The development of the Ubuntu phone platform and its expansion to IoT and devices has challenged us to solve real problems in security and reliability. These challenges apply equally to desktop and server systems and are a source of frustration for users and developers who want newer software on long-term supported releases. This has led us to develop the snap packaging format and tools.
In Ubuntu 16.04 LTS we will make it possible to install snap packages alongside traditional deb packages. These two packaging formats live quite comfortably next to one another and enable us to maintain our existing processes for development and updates to the OS. This reinforces our relationship with the Debian community and it enables developers and communities to publish either debs or snaps for the Ubuntu audience.
Snap packages enable developers to bring much newer versions of apps to Ubuntu 16.04 LTS. Newer versions of KDE, GNOME, browser or other desktop environment apps will usually build easily on older LTS releases but the complexities of packaging and providing updates have prevented us from delivering them in the past.
The security mechanisms in snap packages allow us to open up the platform for much faster iteration across all of our flavours as snap applications are isolated from the rest of the system. Users can install a snap without having to worry whether it will have an impact on their other apps or their system. Similarly, developers have a much better handle on the update cycle as they can decide to bundle specific versions of a library with their app. Transactional updates make deployments of snap packages more robust and reliable.
By bringing snap packages to Ubuntu 16.04 LTS we are unifying the experience for Ubuntu developers, whether they are creating software for PC, Server, Mobile, and IoT Devices. Snapcraft, a tool available for snap development, makes it easy for developers to package their apps and dependencies. Developers targeting snap packages get a great environment to write and test their applications – directly on their desktop, rather than being forced to use a device or a virtual machine.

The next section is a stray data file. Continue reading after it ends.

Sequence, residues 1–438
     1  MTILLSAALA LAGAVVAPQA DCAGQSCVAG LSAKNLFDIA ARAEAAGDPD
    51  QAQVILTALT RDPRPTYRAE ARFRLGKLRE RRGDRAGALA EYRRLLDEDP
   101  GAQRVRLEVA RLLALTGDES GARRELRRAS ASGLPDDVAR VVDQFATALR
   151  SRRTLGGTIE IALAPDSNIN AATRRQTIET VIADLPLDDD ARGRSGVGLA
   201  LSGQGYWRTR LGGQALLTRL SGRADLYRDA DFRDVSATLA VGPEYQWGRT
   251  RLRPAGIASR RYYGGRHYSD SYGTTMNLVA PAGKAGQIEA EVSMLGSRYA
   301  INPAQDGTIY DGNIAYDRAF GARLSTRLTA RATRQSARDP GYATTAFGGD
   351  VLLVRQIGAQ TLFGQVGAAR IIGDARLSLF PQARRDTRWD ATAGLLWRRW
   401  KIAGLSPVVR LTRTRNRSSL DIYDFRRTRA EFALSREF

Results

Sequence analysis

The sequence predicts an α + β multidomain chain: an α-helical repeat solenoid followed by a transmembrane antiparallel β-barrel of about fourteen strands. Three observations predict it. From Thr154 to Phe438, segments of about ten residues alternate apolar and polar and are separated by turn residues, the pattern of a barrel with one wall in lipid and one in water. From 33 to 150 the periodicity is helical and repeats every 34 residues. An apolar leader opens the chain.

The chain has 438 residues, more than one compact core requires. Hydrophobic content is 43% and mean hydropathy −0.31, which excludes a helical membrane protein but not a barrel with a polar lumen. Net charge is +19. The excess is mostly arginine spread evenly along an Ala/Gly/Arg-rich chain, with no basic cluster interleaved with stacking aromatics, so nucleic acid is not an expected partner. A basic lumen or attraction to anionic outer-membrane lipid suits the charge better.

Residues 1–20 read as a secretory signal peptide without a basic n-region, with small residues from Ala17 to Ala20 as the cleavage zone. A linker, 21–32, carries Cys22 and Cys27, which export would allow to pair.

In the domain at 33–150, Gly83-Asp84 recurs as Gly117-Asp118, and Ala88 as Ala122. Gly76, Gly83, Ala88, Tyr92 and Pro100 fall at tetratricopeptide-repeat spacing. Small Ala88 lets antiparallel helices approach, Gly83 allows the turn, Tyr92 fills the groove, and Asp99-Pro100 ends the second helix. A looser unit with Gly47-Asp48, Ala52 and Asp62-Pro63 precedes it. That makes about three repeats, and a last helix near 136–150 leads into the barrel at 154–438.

Developers of paid apps have often been the most frustrated with having to manage dependencies and compatibility with various libraries, especially on older releases of Ubuntu. For this reason these applications are going to be migrated from debs to snaps by Autumn 2016. Canonical will work with the developer community to support that transition in the coming months with tools, training and documentation.
While this is a major new capability for the Ubuntu community, it’s not a break with our heritage. All of the tens of thousands of applications and packages in .deb format will continue to be supported in 16.04 and beyond, and deb archives in particular will continue to be available for all to use and distribute software.
If you want to learn more or have any questions about snaps on classic Ubuntu, join us in these upcoming events at ubuntuonair.com:
- Snaps on classic Ubuntu Q&A with Olli Ries, Thursday 14 April 15:00 UTC
- Snappy Clinic, Tuesday 26 April 15:00 UTC
And as usual, you can join the discussion on the firstname.lastname@example.org mailing list or ask and answer snappy questions on Ask Ubuntu